The President June 24 signed an Executive Order titled “Improving Price and Quality Transparency in American Healthcare to Put Patients First.”
The order directs federal agencies to issue regulations in an attempt to improve transparency relating to health care prices and quality.
At a press event on the Executive Order, President Trump stated, “Prices will come down by numbers you won’t even believe … More transparency will mean more competition and the cost of health care will go way, way down.”
The order has six main directives, including:
- Directing the Secretary of Health and Human Services (HHS) to issue regulations within 60 days to require hospitals to publicly post standard charge information, including information based on negotiated rates, in an easy-to-understand format;
- Directing the Secretaries of HHS, Treasury, and Labor to issue an advanced notice of proposed rulemaking within 90 days seeking comment on proposals to require providers and insurers to provide patient access to information about expected out-of-pocket costs prior to receiving health care services;
- Requiring the HHS Secretary with the Attorney General and Federal Trade Commission to issue a report within 180 days on the ways the federal government and the private sector impede health care price and quality transparency, and also providing solutions for promoting competition and eliminating the identified barriers;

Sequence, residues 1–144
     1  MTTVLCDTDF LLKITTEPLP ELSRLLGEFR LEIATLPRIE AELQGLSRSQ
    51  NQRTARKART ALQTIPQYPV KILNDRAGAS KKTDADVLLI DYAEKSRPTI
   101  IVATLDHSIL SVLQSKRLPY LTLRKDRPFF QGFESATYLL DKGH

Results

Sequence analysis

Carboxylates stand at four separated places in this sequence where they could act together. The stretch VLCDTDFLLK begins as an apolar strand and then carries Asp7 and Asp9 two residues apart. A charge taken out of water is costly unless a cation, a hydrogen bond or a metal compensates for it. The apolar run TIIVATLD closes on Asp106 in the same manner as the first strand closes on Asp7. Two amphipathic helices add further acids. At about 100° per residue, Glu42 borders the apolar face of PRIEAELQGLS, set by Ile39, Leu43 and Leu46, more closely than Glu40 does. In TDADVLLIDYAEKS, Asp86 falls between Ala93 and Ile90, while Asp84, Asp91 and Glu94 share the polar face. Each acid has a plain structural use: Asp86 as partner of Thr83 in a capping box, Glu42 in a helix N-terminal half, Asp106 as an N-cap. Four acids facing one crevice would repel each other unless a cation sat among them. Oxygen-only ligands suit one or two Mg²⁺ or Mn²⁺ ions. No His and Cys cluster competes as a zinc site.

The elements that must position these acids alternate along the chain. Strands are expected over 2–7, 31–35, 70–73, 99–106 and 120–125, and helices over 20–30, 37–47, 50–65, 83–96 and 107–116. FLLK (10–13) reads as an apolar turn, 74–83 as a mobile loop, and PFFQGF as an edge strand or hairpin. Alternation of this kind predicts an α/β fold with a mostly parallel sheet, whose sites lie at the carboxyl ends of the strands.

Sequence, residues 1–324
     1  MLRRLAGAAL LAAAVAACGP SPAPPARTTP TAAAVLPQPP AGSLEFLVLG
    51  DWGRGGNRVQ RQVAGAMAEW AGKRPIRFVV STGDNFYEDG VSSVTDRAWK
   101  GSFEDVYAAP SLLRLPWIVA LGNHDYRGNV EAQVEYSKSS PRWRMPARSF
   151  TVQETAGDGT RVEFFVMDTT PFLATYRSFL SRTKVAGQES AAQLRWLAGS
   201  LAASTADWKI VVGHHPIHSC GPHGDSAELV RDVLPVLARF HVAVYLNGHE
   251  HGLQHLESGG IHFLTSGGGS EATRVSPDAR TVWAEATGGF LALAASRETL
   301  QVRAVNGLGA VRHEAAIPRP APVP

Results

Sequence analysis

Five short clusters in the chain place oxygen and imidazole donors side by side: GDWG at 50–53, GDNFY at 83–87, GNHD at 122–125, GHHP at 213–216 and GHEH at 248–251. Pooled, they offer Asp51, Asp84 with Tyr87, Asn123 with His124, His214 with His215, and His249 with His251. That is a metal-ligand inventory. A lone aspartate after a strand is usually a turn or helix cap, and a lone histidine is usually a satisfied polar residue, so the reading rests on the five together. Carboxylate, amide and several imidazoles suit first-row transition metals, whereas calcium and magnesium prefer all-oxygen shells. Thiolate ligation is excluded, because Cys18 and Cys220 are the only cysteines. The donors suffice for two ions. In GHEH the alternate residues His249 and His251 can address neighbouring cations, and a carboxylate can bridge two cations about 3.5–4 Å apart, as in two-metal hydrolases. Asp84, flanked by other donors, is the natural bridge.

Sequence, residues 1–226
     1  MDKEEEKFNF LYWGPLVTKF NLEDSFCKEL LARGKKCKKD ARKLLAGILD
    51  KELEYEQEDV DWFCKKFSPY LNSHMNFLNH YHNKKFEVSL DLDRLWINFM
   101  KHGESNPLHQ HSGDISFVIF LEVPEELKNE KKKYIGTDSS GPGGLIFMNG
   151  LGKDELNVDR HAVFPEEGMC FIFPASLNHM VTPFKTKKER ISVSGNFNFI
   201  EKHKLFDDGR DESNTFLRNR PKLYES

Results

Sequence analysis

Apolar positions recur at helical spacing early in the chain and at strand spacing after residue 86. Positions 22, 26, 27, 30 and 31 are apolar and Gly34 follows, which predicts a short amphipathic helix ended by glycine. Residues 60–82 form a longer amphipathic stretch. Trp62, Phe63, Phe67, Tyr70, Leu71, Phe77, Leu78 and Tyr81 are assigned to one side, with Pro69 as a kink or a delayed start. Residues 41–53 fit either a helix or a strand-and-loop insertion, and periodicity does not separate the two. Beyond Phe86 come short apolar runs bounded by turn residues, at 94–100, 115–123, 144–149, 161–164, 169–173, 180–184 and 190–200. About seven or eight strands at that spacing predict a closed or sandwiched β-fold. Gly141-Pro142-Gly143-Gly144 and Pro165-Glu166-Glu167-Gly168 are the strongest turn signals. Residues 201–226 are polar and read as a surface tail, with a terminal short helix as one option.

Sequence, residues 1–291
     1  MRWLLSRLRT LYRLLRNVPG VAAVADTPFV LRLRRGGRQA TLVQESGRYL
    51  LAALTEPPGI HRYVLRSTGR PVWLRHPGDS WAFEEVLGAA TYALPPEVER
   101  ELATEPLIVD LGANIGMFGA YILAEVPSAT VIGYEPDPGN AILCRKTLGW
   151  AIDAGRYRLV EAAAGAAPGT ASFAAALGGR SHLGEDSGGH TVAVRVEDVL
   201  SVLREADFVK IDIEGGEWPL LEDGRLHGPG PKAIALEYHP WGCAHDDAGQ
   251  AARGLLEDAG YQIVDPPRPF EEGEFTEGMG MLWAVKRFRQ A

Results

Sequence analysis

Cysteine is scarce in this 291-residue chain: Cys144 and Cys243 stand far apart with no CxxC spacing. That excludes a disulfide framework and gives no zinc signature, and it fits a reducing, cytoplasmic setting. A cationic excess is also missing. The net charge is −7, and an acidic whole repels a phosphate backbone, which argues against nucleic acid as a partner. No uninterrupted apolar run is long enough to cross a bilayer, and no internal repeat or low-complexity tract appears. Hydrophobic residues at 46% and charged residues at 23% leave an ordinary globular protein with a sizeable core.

- Directing the HHS Secretary in consultation with other federal department and agencies within 180 days to increase access to deidentified claims data from federal health care programs and health plans for the development of tools that inform patients about purchasing care;
- Requiring the Treasury Secretary within 120 days to propose regulations to expand Health Savings Accounts (HSAs) and high-deductible health plans, within 180 days to propose regulations to treat expenses related to certain types of arrangements (e.g., primary care arrangements) as eligible medical expenses, and within 180 days to issue guidance to increase the amount of flexible spending arrangements (FSAs) that an individual can carry over without penalty at the end of the year; and
- Directing the HHS Secretary to submit a report to the President on administrative steps that can be taken to address surprise medical bills.